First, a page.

I recently got bored and decided to try to find a proof of the Basel Sum. In an unexpected departure from tradition, I actually found one. As a further surprise, it seems to be a lot simpler than any other proof I’ve seen: just a few steps, and each one pretty obvious.
A reminder: the Basel sum states that
And an important clarification: this proof is “original”, in the sense of I came up with it myself, yay, but most definitely not original in the sense of I was the first to come up with this proof. The Basel sum is exceedingly well traveled territory mathematically, and I would be surprised if I was in the first 1000 people to come up with this proof independently.
Before we start the proof, a reminder of the definition of the double factorial. For an even number , . Similarly, for an odd number , . And we can choose to define .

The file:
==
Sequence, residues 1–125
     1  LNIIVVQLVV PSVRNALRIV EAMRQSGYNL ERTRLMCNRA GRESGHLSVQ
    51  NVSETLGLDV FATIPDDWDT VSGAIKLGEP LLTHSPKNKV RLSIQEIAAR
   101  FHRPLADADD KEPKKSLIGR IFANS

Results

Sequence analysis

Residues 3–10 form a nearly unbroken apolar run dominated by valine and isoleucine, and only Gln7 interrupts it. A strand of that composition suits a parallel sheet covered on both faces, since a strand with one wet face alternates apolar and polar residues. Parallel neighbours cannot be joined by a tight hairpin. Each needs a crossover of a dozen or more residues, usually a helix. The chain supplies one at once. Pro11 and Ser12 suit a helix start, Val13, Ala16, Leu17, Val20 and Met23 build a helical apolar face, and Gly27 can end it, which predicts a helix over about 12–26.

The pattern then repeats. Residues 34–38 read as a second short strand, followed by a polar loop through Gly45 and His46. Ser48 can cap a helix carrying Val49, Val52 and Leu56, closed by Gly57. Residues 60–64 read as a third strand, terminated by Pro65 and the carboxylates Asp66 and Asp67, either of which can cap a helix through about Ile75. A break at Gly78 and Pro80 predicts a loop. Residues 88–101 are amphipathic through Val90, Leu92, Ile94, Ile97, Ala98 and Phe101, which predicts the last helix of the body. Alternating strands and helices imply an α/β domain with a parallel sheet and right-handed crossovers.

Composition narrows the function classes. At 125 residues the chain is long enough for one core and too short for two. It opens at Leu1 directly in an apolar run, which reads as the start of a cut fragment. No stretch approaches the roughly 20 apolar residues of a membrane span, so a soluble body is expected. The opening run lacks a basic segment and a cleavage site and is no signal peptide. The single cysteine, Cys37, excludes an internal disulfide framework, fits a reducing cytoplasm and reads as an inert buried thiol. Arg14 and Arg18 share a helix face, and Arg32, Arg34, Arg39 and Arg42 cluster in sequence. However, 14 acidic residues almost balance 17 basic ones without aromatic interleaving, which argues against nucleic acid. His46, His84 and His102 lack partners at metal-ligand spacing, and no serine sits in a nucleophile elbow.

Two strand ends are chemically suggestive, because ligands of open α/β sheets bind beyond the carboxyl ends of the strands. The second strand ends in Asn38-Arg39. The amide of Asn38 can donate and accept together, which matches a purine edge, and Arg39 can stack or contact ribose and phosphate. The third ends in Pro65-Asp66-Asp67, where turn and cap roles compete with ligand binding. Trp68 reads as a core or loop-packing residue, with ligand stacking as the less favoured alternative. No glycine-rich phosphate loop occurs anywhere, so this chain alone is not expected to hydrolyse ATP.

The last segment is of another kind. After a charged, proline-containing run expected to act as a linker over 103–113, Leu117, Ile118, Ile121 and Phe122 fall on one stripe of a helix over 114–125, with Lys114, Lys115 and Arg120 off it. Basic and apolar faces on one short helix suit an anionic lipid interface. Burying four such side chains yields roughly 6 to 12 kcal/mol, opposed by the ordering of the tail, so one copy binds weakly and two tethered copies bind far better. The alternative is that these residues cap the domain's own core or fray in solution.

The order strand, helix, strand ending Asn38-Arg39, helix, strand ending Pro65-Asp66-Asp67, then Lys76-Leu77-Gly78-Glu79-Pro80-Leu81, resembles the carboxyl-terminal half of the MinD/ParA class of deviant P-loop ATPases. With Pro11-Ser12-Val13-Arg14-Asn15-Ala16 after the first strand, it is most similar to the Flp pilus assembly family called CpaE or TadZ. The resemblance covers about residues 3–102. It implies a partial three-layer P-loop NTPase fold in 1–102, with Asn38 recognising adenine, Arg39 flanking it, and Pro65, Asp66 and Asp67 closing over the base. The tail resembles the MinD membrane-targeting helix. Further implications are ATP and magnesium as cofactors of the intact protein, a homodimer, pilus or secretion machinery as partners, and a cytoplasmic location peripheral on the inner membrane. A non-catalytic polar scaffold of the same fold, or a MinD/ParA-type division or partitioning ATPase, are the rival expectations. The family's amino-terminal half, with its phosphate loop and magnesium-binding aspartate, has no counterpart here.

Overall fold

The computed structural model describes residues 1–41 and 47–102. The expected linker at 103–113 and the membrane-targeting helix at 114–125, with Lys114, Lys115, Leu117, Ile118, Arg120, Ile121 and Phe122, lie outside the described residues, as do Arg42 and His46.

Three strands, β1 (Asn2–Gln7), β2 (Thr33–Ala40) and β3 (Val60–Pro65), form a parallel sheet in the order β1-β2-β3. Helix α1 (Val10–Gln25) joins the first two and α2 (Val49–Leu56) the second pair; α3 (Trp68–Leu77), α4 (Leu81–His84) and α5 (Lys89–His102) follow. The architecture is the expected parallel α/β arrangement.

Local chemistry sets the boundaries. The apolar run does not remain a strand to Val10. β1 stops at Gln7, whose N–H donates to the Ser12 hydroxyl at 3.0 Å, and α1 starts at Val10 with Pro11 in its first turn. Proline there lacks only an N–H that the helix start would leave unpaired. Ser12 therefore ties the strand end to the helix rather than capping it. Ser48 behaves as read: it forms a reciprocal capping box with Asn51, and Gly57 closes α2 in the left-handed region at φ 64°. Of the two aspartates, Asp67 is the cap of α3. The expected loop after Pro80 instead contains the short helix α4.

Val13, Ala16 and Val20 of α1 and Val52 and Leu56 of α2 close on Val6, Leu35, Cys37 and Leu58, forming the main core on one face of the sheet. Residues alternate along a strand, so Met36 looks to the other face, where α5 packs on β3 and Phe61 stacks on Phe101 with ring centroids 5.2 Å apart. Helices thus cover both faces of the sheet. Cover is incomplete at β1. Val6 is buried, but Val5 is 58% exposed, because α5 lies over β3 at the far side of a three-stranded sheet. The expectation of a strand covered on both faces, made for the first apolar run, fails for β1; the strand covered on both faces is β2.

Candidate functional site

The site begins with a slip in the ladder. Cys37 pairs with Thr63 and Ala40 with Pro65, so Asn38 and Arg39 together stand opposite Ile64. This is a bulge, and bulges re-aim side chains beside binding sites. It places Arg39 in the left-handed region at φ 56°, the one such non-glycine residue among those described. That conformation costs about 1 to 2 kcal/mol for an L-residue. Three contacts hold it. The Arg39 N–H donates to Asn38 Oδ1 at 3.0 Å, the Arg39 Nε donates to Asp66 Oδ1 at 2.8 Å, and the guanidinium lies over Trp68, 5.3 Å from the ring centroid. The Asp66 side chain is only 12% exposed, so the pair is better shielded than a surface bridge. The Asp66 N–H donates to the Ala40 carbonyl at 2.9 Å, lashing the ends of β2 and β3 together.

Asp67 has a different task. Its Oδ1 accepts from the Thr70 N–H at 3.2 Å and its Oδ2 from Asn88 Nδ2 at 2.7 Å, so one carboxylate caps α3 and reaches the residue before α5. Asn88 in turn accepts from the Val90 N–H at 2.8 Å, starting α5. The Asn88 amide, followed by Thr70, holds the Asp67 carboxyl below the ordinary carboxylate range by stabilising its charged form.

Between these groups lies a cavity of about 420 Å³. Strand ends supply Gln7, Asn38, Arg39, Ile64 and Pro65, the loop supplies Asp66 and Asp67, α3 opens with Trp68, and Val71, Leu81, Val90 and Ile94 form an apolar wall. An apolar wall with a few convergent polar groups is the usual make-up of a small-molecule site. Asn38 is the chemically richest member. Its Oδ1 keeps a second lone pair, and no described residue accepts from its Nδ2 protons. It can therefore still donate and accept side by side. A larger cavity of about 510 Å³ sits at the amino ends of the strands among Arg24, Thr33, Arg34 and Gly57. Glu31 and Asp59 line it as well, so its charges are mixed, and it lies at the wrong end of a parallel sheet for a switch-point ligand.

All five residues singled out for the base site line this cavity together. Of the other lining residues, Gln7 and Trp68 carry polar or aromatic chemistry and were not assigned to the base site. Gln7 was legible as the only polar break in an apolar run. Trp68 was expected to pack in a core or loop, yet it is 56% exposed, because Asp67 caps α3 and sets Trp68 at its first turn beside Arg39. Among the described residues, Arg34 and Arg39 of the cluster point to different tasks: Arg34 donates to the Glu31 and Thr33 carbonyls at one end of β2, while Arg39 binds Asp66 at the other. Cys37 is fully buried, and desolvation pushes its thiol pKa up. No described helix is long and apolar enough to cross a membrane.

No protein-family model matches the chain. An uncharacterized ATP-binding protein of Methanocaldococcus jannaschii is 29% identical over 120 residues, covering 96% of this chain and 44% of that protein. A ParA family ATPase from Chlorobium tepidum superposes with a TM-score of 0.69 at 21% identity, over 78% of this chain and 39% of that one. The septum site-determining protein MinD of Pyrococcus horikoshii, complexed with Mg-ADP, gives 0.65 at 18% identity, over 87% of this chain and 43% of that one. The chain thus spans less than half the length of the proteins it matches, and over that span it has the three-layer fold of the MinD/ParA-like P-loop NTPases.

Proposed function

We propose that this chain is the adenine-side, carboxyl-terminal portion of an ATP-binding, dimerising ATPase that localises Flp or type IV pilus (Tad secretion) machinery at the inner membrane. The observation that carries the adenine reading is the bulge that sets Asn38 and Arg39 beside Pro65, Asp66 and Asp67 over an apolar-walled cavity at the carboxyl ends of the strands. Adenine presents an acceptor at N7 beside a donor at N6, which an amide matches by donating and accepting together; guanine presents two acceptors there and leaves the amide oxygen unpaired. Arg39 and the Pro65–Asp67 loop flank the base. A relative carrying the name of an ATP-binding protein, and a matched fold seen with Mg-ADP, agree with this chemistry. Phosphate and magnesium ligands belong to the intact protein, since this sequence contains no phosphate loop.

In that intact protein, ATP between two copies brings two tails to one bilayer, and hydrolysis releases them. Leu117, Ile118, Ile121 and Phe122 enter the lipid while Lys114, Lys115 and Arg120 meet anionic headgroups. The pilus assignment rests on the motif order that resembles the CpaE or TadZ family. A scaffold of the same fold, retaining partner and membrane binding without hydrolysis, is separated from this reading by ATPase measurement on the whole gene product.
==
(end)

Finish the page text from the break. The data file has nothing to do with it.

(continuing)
Subtracting these two equations, we get
This is easy to prove by induction, using integration by parts.
Click here for the proof, if you really, really want it. But you probably don't.
Hope you feel it was worth it!
Start with the Taylor series for :
Note that this is absolutely convergent. Now simply substitute .
In equation (3), integrate from to .
So the RHS is what we looked at in equation (1). This means
Addendum: I did some more research. Euler himself did something very similar (here). The earliest version of this exact proof that I could find was by Boo Rim Choe in the American Mathematical Monthly in 1987 (Vol. 94, No. 7 (Aug. – Sep., 1987), pp. 662-663 ).